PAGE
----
An aside about Brando's Penderton:
Brando gives an intense, if constipated, performance as Penderton. Vocally, he's all stunted and stifled. (Between Brando's Penderton and Ledger's Ennis Del Mar it might seem that such mumbling and word swallowing is symptomatic of repressed homosexuality). Behaviorally, Brando piles on the mannered idiosyncrasy in extra little scenelets, some poignant (caressing the incriminating treasures stashed in his strong box), some startling (slathering his wife's cold cream all over his face with manic glee). And, truly, it's hard not to see Brando's Penderton as Sayonara's Major Gruver all growed up. But, here, the object of Brando's forbidden desire is the astonishingly hot Robert Forster, in his bareassed film debut, as Private Williams. Forster's Williams flirts with Brando's infatuation just as brazenly as Hana-Ogi but stops just short of...well. Huston's smart to photograph Forster in ways that amplify his beauty while allowing him to remain unqualifiedly masculine, affirming that he's as odd a duck as the rest of them while not "queering" him too much. It's all uapologetically macho and homo at the same time...which remains surprising, frankly, in a mainstream film.

Harris' Julie is, by some measures, the crazy one. But Harris's performance makes it clear that Alison's a loon in no small part because she's paying attention to what's going on. Harris's Alison is the only one who sees Forster's Williams hanging around. Harris's Alison also knows her husband's having an affair with Taylor's Leonora. But what's brilliant is that Harris is able to convey that Alison doesn't hate her husband so much for having the affair. She just hates that he's doing it with Leonora, whose basic disregard for certain principles of Southern propriety offends Alison to the core. And it's not until Harris's Alison catches the serviceman sniffing Leonora's lingerie that she goes over the edge...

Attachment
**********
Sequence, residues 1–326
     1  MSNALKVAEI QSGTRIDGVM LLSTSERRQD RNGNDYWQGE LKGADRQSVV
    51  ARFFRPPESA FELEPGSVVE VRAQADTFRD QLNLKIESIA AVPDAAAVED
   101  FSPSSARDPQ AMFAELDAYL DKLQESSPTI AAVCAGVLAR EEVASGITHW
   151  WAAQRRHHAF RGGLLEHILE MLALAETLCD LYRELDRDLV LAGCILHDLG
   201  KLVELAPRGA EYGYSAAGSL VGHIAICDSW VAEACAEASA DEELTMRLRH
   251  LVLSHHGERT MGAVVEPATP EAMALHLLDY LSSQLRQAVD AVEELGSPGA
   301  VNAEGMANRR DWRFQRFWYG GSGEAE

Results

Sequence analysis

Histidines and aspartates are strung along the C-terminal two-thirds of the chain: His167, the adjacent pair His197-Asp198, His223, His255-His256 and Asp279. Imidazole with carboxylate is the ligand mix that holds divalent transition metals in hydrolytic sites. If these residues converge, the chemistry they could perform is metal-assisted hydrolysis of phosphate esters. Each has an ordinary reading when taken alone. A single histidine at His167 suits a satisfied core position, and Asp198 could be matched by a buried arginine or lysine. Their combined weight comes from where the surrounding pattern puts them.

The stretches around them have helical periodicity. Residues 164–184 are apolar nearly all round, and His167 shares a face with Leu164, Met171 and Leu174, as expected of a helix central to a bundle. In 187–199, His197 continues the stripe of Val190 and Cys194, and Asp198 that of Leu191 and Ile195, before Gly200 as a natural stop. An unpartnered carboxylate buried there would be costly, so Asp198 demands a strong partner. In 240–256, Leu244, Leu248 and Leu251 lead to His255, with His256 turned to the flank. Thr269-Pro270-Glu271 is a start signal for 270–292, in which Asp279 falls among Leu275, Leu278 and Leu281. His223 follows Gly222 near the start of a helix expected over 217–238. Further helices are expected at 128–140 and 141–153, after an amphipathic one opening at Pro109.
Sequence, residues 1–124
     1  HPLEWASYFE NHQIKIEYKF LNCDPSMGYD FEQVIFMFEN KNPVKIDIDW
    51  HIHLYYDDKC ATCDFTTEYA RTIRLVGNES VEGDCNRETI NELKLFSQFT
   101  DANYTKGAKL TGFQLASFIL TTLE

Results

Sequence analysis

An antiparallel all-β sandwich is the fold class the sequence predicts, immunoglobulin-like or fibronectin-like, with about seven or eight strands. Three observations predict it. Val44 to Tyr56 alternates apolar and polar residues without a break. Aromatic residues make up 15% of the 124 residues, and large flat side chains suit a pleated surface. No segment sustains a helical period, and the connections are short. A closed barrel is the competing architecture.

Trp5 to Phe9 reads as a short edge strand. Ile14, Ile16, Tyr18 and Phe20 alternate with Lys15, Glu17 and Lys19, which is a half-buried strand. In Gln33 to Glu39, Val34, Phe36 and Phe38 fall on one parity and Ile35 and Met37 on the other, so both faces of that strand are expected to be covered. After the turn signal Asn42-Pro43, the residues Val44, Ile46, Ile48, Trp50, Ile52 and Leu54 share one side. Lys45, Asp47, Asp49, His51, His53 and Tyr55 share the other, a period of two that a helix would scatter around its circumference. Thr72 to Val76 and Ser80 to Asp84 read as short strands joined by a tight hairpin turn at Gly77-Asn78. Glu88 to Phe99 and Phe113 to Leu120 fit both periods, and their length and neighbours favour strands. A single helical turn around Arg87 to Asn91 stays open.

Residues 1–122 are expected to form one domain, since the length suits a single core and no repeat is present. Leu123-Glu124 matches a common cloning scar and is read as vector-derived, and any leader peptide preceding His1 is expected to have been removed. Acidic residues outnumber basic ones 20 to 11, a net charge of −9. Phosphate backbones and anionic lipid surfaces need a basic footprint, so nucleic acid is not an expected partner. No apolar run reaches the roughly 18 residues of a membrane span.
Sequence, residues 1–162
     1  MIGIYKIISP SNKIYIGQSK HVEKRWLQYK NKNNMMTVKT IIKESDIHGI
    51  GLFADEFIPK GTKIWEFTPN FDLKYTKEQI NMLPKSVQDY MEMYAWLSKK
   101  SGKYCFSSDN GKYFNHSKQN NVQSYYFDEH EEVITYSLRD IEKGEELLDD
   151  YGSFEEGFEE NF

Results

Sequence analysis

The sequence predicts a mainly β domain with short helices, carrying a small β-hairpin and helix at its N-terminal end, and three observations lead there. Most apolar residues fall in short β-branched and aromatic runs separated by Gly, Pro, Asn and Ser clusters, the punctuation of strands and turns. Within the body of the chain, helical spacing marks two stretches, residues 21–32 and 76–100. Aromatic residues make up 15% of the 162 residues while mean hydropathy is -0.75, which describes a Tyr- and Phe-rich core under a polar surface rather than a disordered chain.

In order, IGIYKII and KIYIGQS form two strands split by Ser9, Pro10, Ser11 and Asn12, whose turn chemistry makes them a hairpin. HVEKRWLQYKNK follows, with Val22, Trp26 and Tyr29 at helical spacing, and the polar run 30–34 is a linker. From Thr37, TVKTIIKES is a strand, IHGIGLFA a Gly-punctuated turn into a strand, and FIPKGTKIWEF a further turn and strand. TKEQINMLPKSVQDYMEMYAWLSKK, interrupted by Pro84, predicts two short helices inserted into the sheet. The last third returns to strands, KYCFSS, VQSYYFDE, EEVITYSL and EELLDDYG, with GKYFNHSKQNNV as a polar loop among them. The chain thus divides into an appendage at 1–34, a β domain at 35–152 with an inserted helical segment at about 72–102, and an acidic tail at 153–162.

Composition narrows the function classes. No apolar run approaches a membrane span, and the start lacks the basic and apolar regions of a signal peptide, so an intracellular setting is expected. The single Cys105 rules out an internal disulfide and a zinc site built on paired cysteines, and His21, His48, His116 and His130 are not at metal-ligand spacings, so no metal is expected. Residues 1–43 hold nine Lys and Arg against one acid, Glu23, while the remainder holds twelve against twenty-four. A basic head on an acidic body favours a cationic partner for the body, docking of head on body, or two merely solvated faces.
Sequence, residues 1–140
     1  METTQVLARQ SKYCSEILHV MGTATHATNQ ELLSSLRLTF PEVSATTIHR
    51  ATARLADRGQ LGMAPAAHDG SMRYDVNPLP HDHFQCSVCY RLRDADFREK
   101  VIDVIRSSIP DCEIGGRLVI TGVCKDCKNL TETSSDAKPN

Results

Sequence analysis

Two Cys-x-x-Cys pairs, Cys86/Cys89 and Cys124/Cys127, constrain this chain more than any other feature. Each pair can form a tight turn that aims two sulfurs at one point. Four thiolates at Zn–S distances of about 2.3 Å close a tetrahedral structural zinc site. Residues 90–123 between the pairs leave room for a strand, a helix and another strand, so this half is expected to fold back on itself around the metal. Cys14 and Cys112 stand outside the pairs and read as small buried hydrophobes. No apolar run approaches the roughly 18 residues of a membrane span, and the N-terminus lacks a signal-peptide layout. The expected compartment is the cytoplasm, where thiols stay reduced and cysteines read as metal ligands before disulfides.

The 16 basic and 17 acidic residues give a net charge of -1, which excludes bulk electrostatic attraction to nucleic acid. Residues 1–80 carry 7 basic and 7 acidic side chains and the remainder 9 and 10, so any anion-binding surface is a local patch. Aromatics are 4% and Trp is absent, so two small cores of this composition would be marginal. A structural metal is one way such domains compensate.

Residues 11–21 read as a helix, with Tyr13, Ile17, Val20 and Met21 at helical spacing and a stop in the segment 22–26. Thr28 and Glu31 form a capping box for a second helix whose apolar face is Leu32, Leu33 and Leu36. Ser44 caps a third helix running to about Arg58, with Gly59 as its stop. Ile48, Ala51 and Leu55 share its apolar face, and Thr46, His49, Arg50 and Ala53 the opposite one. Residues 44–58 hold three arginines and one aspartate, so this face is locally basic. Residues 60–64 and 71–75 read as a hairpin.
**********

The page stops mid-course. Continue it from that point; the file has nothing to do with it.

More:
With Alison, Harris reinvents the stock character of the neurotic Southern damsel by honing in on Alison's myriad humiliations and tapping the anger there. Alison isn't crazy because she's delicate. No, Harris's Alison is mad -- in both senses of the term -- because of the gendered cruelties of the world in which she lives. In Harris's performance, Alison emerges not only as perhaps the first full-fledged "fag hag" in US cinema but also as a kind of pre-feminist cautionary tale, embodying a particularly Southern variation of the Feminine Mystique.

Harris's performance reaches deep into Alison to retrieve a fully realized, human characterization out of one of the most cliched Southern Gothic stock figures. Harris's Alison is a remarkable accomplishment, a flash of clarity and humanity in the curiously stewed Reflections in a Golden Eye.

Previously in StinkyLulu's warm-up "overlooked" series:
Mary Alice in Sparkle (1976)

Up next:
Gale Sondergaard in The Letter & The Mark of Zorro (1940)